- Article published:
- July 5, 2009, 12:50
- Daniel Simms
Australian satisfied with gap to rivals
Cadel Evans found his time trial result in the Tour de France's opening stage "not bad, but it's not great either." The Silence-Lotto rider noted to Cyclingnews, however, that "there are quite a few time gaps already between a lot of the other overall favourites, so in that regard, it's a good start."
Australia's Evans finished fifth, 23 seconds behind winner Fabian Cancellara (Saxo Bank) and five seconds behind his rival for the overall title, second-placed Alberto Contador. A fifth place finish is not bad, but he had hoped for more, saying, "I was probably a little bit more optimistic, actually."
"I'd rather have had a few seconds advantage on Contador - it's always better to have an advantage on someone like Contador at the Tour, but... you know, it's not bad," he said.
"It's not the ultimate start, but it's a good start. It's only 15 kilometres, and a much longer way to Paris... It's a pretty good start. I felt okay on the course, nothing special with regard to performance."
- Article published:
- July 5, 2009, 12:03
- Gregor Brown
Former Tour winner impressive in Monaco time trial
Spaniard Alberto Contador clocked the best time of the Tour de France overall contenders Saturday in Monaco. He placed second in the 15.5-kilometre opening time trial behind time trial specialist Fabian Cancellara.
"The important thing is that I earned a moral victory, it's a sign that I'm in great shape. These seconds are useful in what will be a very tight Tour," he said.
Contador posted a time of 19 minutes and 50 seconds. He was five seconds faster than Cadel Evans (Silence-Lotto), 12" over teammate Levi Leipheimer, 22" on teammate Lance Armstrong, 39" on Christian Vande Velde (Garmin-Slipstream), 42" on Andy Schleck (Saxo Bank), 48" on defending champion Carlos Sastre (Cervélo) and 1:13 on Giro d'Italia winner Denis Menchov (Rabobank).
He was fastest at the midway point, at the top of Côte de Beausoleil climb. He won the mountain classification's polka dot jersey as a result.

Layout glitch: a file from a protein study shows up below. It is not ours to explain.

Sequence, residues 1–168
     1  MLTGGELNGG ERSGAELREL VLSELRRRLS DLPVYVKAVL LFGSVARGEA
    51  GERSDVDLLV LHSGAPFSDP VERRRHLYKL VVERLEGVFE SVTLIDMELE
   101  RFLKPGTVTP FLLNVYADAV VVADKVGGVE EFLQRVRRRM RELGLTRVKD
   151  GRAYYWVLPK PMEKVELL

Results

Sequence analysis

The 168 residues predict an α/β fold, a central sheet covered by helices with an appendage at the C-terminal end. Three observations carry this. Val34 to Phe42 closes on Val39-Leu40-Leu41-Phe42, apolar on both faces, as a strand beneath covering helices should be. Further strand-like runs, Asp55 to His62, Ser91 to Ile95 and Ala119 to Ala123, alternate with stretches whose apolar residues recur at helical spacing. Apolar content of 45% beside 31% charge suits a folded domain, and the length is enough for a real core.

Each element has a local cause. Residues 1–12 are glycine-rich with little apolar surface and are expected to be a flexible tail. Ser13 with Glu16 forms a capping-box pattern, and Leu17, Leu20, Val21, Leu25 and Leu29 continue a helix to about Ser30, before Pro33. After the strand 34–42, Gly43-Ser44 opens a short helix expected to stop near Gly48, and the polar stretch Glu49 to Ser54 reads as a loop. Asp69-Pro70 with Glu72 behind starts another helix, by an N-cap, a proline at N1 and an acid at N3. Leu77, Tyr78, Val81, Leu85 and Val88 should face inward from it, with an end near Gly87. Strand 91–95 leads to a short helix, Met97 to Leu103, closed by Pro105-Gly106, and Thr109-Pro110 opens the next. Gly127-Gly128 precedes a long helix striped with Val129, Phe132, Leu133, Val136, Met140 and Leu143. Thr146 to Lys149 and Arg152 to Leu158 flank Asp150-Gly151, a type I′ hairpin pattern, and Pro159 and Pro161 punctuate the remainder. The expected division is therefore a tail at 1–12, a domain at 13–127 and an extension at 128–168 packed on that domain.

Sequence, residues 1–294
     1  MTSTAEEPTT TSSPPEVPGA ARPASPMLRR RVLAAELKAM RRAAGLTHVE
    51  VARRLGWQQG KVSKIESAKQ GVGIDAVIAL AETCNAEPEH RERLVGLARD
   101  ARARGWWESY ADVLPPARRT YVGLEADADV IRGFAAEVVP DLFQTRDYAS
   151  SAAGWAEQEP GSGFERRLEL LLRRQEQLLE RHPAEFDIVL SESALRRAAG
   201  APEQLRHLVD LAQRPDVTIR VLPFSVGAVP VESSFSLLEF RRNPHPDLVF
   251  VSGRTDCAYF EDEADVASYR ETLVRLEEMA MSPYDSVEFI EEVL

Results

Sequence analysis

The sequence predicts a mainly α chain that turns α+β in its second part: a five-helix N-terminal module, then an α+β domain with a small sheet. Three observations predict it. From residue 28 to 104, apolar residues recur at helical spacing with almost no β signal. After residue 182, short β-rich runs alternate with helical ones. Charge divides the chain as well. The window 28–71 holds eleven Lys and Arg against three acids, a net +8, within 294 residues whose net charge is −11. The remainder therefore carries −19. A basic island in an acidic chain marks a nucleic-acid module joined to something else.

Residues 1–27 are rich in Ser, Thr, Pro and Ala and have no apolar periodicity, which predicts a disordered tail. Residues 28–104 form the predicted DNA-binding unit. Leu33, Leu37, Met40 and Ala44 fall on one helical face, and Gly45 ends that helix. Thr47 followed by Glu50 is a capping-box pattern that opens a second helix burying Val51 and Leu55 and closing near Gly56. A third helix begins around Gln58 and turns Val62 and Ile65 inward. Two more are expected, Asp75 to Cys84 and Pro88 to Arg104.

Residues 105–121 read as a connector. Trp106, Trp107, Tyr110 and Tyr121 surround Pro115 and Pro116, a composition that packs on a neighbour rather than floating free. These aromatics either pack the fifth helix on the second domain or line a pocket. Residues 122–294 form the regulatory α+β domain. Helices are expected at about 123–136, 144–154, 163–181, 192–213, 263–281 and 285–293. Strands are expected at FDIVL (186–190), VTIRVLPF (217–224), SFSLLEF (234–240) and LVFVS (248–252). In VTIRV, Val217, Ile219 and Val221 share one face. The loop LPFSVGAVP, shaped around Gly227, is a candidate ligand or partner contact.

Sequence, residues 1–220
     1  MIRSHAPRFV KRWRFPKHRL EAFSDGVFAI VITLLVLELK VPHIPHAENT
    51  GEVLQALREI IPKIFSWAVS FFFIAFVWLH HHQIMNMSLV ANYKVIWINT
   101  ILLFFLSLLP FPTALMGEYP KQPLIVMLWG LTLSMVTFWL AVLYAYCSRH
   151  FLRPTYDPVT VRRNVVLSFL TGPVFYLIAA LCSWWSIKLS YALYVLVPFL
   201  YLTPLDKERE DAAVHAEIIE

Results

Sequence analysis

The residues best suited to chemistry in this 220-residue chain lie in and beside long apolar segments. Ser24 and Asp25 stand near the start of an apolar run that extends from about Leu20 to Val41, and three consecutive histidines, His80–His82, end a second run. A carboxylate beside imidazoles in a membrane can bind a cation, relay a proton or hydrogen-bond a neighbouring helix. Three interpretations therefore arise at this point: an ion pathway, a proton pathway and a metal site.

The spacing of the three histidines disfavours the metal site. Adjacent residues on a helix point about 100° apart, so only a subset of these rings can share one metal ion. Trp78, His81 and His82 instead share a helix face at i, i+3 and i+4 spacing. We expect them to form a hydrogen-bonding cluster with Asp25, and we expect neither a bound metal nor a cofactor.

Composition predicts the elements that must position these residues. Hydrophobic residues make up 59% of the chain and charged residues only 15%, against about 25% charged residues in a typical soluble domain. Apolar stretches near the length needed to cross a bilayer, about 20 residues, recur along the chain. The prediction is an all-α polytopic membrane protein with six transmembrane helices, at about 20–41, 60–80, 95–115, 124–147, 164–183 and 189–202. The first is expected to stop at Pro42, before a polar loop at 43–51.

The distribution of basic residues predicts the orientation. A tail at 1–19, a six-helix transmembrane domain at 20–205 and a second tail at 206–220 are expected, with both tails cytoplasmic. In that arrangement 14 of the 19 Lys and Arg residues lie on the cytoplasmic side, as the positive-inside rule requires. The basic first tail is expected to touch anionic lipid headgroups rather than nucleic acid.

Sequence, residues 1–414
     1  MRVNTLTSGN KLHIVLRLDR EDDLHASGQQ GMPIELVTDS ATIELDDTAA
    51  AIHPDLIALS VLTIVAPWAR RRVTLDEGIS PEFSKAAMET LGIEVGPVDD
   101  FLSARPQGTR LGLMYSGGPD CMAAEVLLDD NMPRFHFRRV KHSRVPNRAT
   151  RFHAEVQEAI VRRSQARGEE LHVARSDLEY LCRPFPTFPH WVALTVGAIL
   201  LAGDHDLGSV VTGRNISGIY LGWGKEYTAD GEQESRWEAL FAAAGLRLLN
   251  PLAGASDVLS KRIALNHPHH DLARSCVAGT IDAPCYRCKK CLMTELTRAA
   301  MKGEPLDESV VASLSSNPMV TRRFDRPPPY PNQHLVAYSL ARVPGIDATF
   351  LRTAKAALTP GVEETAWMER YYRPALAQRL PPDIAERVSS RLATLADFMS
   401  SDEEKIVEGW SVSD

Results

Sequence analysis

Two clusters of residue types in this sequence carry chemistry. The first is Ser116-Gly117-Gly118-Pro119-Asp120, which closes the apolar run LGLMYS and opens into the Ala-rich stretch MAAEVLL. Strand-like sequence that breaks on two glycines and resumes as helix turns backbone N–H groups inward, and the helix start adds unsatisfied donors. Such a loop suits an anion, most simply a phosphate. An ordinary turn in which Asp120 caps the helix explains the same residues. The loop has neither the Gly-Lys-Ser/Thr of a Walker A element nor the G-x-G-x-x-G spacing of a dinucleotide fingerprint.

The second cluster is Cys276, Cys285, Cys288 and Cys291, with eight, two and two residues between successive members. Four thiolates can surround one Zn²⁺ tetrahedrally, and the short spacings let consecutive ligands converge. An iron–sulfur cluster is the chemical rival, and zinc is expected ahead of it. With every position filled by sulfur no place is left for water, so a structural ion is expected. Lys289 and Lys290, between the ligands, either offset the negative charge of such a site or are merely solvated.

"It's nice to have, but I would like to change colours in a couple of weeks."
Contador won the Tour de France in 2007. Organisers did not invite his team to the 2008 edition, but he raced and won the two other Grand Tours: the Giro d'Italia and Vuelta a España.
- Article published:
- July 4, 2009, 23:41
- Richard Moore in Monaco
Former winner on his return to the Tour
As expected, much of the focus on the first day of the Tour de France was on the returning seven-time winner, Lance Armstrong. With the possibility of showers later in the day the American elected to start early, and went off number 18 – at 4:18 p.m., almost three hours before the final, seeded riders. He set the leading time at one stage, clocking 20:12 at the finish line but eventually dropped to tenth, 40 seconds behind stage winner Fabian Cancellara.
Armstrong looked strong, if not entirely at ease on his bike – an impression he confirmed after his ride. "It was very technical and hard to find a good rhythm," said Armstrong. "I’m four years away from racing, I haven’t raced since the Giro, and I did the best I could.
"The best way to sum it up is that I had fun," he continued. "I was feeling pretty good, but I didn’t expect to win or take yellow."
Armstrong admitted that he had felt “a little nervous” before the start. "I didn’t feel comfortable [on the bike]. It’s a long time since I had those good sensations, but I felt like I knew the course well.